The 18 Ethnic Marker Panel introduced in 2009 has been validated with new statistical studies and our nomenclature slightly altered. Changed was the following.
The Southeast Asian marker was renamed Asian III. This marker was traced to Southeast Asian, Aboriginal Australian and South Chinese populations. Asian I, on the other hand, was linked to early branches in the human migration trail in North China, while Asian II had its strongest representation in India.
All the other names remain the same.
New information was gained about the differences between the Sub-Saharan African markers I-IV. SSA I seems to mark the first out-of-Africa group, which a consensus of scientific opinion places about 80-90,000 years ago traveling across the Horn of Africa into Arabia. The population where SSA I is most common is Somalia in East Africa. Strong showings occur also from Arabia, South India (Dravidian populations) and Berbers.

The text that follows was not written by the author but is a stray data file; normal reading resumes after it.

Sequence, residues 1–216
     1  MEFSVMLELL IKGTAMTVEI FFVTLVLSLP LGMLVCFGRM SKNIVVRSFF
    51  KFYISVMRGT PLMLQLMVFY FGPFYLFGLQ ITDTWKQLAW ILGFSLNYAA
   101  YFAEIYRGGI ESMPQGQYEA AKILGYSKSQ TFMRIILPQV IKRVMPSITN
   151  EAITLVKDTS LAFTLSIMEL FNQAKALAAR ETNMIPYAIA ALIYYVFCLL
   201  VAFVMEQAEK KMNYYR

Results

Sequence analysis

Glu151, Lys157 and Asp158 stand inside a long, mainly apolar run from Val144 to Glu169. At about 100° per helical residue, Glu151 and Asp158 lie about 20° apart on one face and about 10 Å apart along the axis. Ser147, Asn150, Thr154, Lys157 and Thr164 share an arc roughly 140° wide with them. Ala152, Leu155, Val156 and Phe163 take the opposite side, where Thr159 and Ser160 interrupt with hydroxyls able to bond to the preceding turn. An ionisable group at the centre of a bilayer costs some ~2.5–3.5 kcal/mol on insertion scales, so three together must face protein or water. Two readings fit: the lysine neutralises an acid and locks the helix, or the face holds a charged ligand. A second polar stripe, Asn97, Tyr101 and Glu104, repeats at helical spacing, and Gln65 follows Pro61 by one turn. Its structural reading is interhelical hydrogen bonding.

SSA II appears to reflect a deeper history, with a cline of strength beginning in Southwest Africa and including all African populations one after another. This older African marker is also found in Levantine, Romani, Basque and Melungeon populations.
Each marker set occurs in 80% of people sampled for that ethnicity. This means if a customer got a Native American marker he shares it with 80% of the full bloods in North, Central and South America tapped for forensic study since about 1996. The same can be said for Jewish and other markers. In every case, around 80% of the given population had at least one marker of that ethnicity.
Said one customer of the news, “I’ll take those percentages any day.”